Is the global economy facing a recession?

Global Economy: Is it facing a recession? How is India affected by the same?

In 2022, a significant economic slowdown will be brought on by the COVID-19 pandemic’s aftereffects as well as the ongoing conflict in Ukraine. The cost of basic goods is rising to record levels, the economy is expanding more slowly, and inflation is rising.

The world’s financial conditions are becoming more rigid due to higher-than-expected inflation, particularly in the United States and major European nations. With COVID-19 outbreaks and shutdowns, China’s recession has been greater than expected, and the conflict in Ukraine has had further detrimental effects. As a result, the second quarter of this year saw a decline in global output.

Before we talk about whether the global economy is facing a recession or not, let us understand what a recession is. 

What is a recession? How do we know when a recession has begun?

A recession, in simple terms, is when the economy’s performance and functioning decline over a protracted period of many months and is characterised by a contraction of GDP, an increase in the unemployment rate, and a fall in consumer expenditure. People may see considerable effects on their daily life during a recession.

Many nations still use the term “two consecutive quarters of falling growth”, coined by US economist Julius Shiskin in 1974 to characterise a recession.

According to analysts, a sustained increase in job losses and a spike in unemployment would be the most obvious signs of a recession. In the past, a recession was predicted to start within three months of the unemployment rate rising by three-tenths of a percentage point on average over the previous three months.

What is India’s economy as the West moves towards recession?

It seems like it is competition in the West regarding who goes into recession the earliest. Currently, the United States is sprinting ahead, but Europe is not far behind. Even if Joe Biden and his government are hesitant to acknowledge it, the largest economy in the world is currently ‘technically’ in a recession. The American economy has already seen two-quarters of a recession in 2022 alone. The GDP of the United States shrank by 1.6% in the first quarter. According to data released, the US economy shrank by 0.9% between April and June.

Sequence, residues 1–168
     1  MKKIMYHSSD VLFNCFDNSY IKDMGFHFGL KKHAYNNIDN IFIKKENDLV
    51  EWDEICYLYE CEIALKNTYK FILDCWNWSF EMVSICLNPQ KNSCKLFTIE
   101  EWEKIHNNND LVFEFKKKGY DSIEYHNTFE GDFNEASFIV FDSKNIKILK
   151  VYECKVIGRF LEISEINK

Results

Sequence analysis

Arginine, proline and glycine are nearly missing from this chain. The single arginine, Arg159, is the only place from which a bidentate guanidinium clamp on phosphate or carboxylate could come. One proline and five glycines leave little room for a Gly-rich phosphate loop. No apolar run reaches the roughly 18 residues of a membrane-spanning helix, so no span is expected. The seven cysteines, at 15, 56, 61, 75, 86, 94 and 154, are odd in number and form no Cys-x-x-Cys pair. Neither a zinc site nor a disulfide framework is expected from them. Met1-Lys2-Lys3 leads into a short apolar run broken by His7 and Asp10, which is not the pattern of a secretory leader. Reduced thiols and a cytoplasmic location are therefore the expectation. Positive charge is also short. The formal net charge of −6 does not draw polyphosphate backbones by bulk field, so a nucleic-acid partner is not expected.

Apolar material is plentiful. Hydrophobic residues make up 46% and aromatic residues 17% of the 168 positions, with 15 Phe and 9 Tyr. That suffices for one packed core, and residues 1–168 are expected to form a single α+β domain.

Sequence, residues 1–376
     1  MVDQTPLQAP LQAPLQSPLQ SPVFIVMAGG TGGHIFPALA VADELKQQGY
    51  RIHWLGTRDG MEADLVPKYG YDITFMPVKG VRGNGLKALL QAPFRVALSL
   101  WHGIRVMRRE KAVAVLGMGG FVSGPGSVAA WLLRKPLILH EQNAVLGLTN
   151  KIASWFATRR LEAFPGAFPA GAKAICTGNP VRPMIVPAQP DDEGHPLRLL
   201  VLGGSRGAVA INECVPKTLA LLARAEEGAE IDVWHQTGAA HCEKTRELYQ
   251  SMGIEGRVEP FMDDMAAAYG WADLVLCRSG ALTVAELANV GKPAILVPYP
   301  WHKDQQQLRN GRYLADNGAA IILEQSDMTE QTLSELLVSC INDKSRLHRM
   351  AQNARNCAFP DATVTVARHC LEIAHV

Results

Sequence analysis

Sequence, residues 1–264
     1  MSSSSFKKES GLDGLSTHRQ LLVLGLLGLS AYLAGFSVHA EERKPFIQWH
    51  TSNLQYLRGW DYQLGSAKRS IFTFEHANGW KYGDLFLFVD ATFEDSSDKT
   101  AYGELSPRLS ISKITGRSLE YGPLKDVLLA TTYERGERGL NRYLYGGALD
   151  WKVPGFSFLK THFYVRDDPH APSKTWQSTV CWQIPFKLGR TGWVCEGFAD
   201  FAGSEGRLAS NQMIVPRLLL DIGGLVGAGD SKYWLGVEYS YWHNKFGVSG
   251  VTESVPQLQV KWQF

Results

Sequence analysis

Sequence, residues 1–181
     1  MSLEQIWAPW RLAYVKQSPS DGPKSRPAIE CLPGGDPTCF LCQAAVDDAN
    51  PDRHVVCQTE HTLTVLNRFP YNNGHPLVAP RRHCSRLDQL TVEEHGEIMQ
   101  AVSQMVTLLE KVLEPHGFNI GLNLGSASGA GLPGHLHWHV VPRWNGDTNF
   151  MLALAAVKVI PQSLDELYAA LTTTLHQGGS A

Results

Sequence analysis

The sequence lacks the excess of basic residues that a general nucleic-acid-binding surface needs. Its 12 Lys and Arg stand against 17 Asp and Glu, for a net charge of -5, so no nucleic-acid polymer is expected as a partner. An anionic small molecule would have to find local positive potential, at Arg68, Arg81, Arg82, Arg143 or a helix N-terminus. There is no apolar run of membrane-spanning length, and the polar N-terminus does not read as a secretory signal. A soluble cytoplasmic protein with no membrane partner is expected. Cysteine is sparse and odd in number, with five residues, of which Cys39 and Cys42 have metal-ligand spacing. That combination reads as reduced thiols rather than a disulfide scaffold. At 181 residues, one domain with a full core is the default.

However, when it comes to India’s economic state, the truth is that India has successfully defended itself during this time of notable economic turmoil. India’s continuous excellent performance on economic metrics has baffled many experts.

India has recognized the necessity of adopting supply-side changes early on and maximising the taxpayer’s return on investment (ROI) on the demand side.

India has managed to keep its inflation in check and in the single digits, while other developed and growing nations are battling to keep rates under control, even at 14 to 15%. As a result of its early recognition of the necessity of implementing supply-side reforms and maximising the return on taxpayer funds on the demand side, India has been able to retain relative stability and defend itself through this period of high economic volatility globally.

Will the recession in the USA impact India?

Experts in India feel that the impact of recession in India would be minimal and short-term, despite analysts’ concerns that the US will enter a recession within the next year and that this will have a cascade effect on the rest of the world.

India is not immune to a US recession, and even in typical Fed-led recessions, domestic GDP has slowed by 1.5% to 2.5%. It is predicted that GDP growth could decelerate to 6% in FY24, assuming a minor US recession and 7.5% GDP growth in FY23.

The domestic rate cycle has never moved in opposition to US Fed rate moves, but long pauses are frequent. Crude oil prices have eventually levelled down, and the value of US currency has decreased. Hence, what followed is the US recession, promoting domestic economic stability and a resumption of capital flows into EMs, including India. In the eventuality of a US recession, it is anticipated that rates will decrease, the rupee will trade with a slight depreciation bias versus the dollar, and equities market returns will be subdued but positive in the base case.

Ending Note

Nomura Holdings, a Japanese brokerage firm, has stated that there are growing indications that the global economy is entering a “synchronized growth slowdown,” which has “prompted us to forecast multiple recessions” and this basically means that countries can no longer rely on a recovery in exports for growth.

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